Roots: Pythagoras of Samos

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In The Wizard of Oz, the Scarecrow shows us how intelligent he has become by (mis)quoting Pythagoras’ theorem:

“The sum of the square roots of any two sides of an isosceles triangle is equal to the square root of the remaining side.”

Homer Simpson does a similar thing when he puts on a pair of glasses and tries to convince himself that he is smart.

It would seem that the lasting legacy of Pythagoras of Samos is the formula linking the sides of a right-angled triangle. It could, however, be argued that the actual legacy of Pythagoras is much greater—it’s more than the formula used in contrived situations of ladders being rested against walls or finding the answer to that most fundamental of questions: would the pencil stick out of the top of the pot? His legacy is around us every day…

Our knowledge of Pythagoras’ life is a blend of legend and hearsay. His teachings were of a deliberately oral nature because the Pythagoreans argued that questions could not be posed to books in the same way that they could be asked of a person. By bringing together secondary texts and triangulating the facts, we can be certain that Pythagoras (and the Pythagoreans who followed him) were determined to find order in disorder. Any discoveries attributed to Pythagoras were made as a collective—a hive mentality that the Pythagoreans prided themselves on.

The Pythagoreans believed that numbers were at the heart of everything. They held the ‘quaternary’ in extremely high regard, breaking down their understanding of their surroundings into fours—the Tetractys.

The Tetractys:
Numbers: 1, 2, 3, 4;
Seasons: spring, summer, autumn, winter;
Ages: childhood, adolescence, maturity, old age;
Society: man, family, village, city;
Dimensions: point, line, surface, solid;
Elements: fire, air, water, earth,

Their laws led to a beautiful and harmonious universe—Cosmos—by adding order to chaos. This is perfectly illustrated using music.

Folklore tells of Pythagoras walking past a blacksmith’s workshop and hearing different tones produced by the smithy hammering a rod of metal. While there may be truth in this tale, we do know for definite that the Pythagoreans experimented with an instrument called a monochord.


This simple instrument comprises of a single string, held taut, with a moveable bridge. When the string is plucked, it produces a note. Versions of this instrument are still used today. One notable advocate of the ‘diddley bow’ is Seasick Steve, who has a song dedicated to it.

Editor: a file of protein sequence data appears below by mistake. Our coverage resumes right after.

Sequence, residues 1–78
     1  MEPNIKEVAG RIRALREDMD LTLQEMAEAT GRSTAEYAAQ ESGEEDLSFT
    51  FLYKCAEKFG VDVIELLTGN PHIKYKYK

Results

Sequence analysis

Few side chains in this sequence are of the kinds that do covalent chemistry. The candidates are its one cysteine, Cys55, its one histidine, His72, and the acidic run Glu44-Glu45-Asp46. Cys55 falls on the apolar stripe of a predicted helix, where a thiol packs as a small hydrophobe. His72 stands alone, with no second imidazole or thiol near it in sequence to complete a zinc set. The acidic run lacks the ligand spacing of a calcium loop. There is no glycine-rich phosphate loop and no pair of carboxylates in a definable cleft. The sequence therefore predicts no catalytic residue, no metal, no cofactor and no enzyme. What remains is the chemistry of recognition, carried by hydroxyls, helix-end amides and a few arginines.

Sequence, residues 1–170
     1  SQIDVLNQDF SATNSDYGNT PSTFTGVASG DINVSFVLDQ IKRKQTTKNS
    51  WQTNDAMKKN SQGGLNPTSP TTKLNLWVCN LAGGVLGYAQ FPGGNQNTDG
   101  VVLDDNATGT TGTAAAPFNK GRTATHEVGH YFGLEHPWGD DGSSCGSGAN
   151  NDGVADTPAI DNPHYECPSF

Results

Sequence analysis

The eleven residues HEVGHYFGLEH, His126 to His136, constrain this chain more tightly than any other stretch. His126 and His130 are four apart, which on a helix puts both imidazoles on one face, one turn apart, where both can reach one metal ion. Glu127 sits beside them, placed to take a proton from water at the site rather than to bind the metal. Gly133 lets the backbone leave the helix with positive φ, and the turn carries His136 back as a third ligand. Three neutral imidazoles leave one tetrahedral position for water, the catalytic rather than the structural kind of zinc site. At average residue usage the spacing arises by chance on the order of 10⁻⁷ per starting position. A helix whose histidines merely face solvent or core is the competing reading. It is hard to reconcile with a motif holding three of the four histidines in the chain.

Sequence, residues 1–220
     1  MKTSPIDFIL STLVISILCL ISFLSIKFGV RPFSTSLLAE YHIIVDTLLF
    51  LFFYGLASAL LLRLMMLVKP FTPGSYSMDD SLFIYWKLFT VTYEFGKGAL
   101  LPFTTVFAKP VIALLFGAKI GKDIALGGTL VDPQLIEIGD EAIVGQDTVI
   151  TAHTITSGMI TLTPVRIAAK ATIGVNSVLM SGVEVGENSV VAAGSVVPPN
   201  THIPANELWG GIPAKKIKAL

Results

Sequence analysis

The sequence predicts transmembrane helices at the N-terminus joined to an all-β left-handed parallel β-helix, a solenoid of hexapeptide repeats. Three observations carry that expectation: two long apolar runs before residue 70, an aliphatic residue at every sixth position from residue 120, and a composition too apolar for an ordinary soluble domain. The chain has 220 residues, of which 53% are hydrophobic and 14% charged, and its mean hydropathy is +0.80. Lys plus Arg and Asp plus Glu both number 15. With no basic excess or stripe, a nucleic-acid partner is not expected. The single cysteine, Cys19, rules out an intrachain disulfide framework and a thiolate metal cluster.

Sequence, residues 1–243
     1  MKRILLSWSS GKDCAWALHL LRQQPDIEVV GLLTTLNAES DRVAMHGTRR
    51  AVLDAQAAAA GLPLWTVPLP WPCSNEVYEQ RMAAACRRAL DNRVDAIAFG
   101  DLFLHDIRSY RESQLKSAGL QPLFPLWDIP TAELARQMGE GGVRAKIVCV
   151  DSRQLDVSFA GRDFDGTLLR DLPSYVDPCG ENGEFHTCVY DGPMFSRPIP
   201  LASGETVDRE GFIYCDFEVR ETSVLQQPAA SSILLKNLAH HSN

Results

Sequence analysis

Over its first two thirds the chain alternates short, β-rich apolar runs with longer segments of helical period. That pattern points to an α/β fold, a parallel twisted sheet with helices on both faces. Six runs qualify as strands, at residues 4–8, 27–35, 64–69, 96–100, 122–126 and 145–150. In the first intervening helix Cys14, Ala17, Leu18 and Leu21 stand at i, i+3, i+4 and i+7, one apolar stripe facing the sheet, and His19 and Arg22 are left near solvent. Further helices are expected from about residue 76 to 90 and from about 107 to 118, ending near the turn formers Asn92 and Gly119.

Seasick Steve

Seasick Steve and Pythagoras: a striking similarity?

Investigations by the Pythagoreans took the form of creating order from disorder—they interpreted the multitude of possible positions of the bridge as disorder, but by applying the limiting factor of number to the placement of the bridge, harmony and order could be found. They knew that the shorter the string, the higher the pitch of the note produced. By methodically comparing the sounds produced by various string lengths, they found that the notes created by lengths that could be expressed as ratios using small numbers were the most pleasant and harmonious.

The Pythagoreans took these findings as proof of the interrelation of number, harmony and beauty—that mathematics and music were two sides of the same sheet of paper. They defined their musical notes using the ratios between them, rather than giving them individual ‘names’.

  • An octave would have the ratio 1:2.
  • A fifth would have the ratio 2:3, which could be calculated by the harmonic mean of the endpoints of the octave.
  • A fourth would have the ratio 3:4, which could be calculated by the arithmetic mean of the endpoints of the octave.

All of these intervals were expressed using the first four natural numbers so intrinsic to the Pythagorean school of thought.

By transposing these ratios onto the musical scale that we are familiar with today (known as the diatonic scale), a beautiful symmetry can be seen. Taking an arbitrary string length of 24cm, we can see how dividing the string into intervals produces pleasing harmonies.
The diatonic scale

It is interesting to note that the geometric mean was ignored—it would produce a number in the ratio that would be most discordant! In our 24cm example, the geometric mean would be $12\sqrt{2}$. The discomfort that Pythagoreans felt with regards to irrational numbers is infamous.

Examples of these intervals can be heard in well-known tunes, such as in the first two notes of each of these melodies:

Fourth: Super Mario theme; fifth: Star Wars theme; octave: Somewhere Over the Rainbow.

It’s a shame that the Scarecrow’s intelligence could not be portrayed effectively using Dorothy’s opening song: its link to Pythagoras is certainly more universal than $a^{\hspace{1pt}2}+b^{\,2}=c^{2}$.

[Seasick Steve: Bengt Nyman, CC BY 2.0; Pythagoras: Galilea, CC BY-SA 3.0]

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Emma Bell is a maths teacher at Franklin College in Grimsby, UK.
You can follow her on Twitter, or email her at
Twitter  @El_Timbre    + More articles by Emma

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